Winning On Three Fronts In One Day, West Point's Finley Extols 'Power Of The Partnership' - Horse Racing News | Paulick Report

Winning On Three Fronts In One Day, West Point’s Finley Extols ‘Power Of The Partnership’

Shug McGaughey-trained First Captain winning his debut on Saturday

Saturday was a banner day here, there and yonder for Terry Finley's West Point Thoroughbreds, who enjoyed victories with promising horses at three racetracks.

The prominent racing syndicate kicked off Saturday's early daily double at Belmont Park with highly-regarded First Captain winning on debut in the opener, followed by Classic Colors defeating New York-bred winners going 1 1/16 miles over the Widener turf course.

“It really drives the fact that horseracing is a team effort,” Finley said. “We think about all the people that have played a part of these magical horses. It's just an overall great experience for the partners.”

Owned in partnership with Bobby Flay, Siena Farm and Woodford Racing, First Captain utilized a prominent trip going seven furlongs on debut for Hall of Famer Shug McGaughey.

The Curlin sophomore registered a 93 Beyer Speed Figure, tracking along the rail in third position early on, saved ground around the far turn, and found a new gear in the final sixteenth of a mile when surging past favorite Mahaamel under a hand ride by jockey Jose Ortiz

Bred by Flay, who also campaigned the horse's graded stakes-winning dam America, First Captain was a $1.5 million purchase from Arthur Hancock III's Stone Farm consignment at the 2019 Fasig-Tipton Saratoga Sale.

“He's just a really cool horse. Bobby Flay owned and bred the dam and he stayed in on the horse when we bought him,” said Finley. “He has a commercial operation, so when he's willing to stay in it gives us some confidence. We put together a great partnership. [Bloodstock agent] David Ingordo is our man when it comes to buying horses and he's tied in with Lane's End and they have a partnership in Woodford Racing. I've always admired Shug, so when he was in position and the opportunity came up to give him some horses, we took it. Everything just fell into place.”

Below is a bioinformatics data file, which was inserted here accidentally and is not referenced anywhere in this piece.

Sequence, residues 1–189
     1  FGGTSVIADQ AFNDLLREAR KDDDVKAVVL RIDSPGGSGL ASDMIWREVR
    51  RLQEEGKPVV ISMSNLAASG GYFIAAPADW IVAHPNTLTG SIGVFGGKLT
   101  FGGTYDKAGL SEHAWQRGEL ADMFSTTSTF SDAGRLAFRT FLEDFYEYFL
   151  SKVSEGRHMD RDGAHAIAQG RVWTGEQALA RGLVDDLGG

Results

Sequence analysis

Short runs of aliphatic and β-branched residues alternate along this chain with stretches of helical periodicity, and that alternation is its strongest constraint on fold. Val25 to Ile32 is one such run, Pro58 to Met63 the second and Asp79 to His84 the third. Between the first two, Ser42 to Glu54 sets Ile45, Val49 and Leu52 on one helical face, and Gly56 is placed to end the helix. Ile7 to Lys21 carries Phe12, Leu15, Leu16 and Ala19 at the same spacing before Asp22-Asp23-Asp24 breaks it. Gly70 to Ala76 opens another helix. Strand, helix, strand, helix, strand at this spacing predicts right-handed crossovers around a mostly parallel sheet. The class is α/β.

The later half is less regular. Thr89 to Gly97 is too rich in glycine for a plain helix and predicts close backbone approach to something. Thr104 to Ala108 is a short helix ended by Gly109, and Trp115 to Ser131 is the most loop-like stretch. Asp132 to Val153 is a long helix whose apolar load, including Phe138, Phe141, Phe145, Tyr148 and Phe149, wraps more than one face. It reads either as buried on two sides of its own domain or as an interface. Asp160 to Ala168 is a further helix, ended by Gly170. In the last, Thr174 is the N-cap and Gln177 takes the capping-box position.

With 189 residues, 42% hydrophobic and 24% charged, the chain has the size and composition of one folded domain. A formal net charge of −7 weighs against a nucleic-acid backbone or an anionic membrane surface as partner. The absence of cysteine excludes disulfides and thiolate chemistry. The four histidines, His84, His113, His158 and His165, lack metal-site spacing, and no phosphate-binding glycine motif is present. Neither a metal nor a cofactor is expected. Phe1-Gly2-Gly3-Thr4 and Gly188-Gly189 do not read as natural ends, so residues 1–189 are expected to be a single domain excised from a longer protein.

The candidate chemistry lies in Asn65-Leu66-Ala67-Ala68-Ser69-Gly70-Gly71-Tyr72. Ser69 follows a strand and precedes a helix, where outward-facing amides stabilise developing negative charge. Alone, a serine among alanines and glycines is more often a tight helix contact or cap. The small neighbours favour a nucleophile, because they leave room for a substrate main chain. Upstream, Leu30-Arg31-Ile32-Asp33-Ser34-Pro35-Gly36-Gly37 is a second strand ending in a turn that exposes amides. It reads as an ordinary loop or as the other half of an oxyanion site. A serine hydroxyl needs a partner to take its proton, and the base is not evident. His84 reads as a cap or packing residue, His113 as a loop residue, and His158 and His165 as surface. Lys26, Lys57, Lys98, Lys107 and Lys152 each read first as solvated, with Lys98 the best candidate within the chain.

Finley said he is unsure where the promising First Captain would race next, but said he is already starting to dream big.

“A debut like that makes a lot of people happy and that's the power of the partnership,” Finley said. “Shug's the captain of the ship and he's faced these situations before. I'm sure he's just as excited as we are. We know the targets during the second half of the year, but it's just figuring out how to get there.”

While First Captain utilized a stalk-and-pounce approach, fellow West Point color-bearer Classic Colors came from eight lengths off a leisurely pace to secure a first-level allowance triumph for trainer Christophe Clement and co-owners Harrell Ventures, Kenneth G. Beitz and Gail P. Beitz.

Bred in the Empire State by John Lauriello, the daughter of Street Sense handled her first start in seven months with aplomb. Placed at the rear of the field by Ortiz down the backstretch, Classic Colors made one big run in mid-stretch to win by 1 ½ lengths. The win registered a career-best 74 Beyer.

“Going down the backside, Jose had plenty of horse,” said Finley. “Christophe and [assistant and son] Miguel [Clement] liked the way she was coming off her winter break. With a good filly like this, we decided to let her catch her breath a bit.”

While restricted New York-bred stakes are an option for Classic Colors, Finley said open company stakes are very much within the realm of possibility.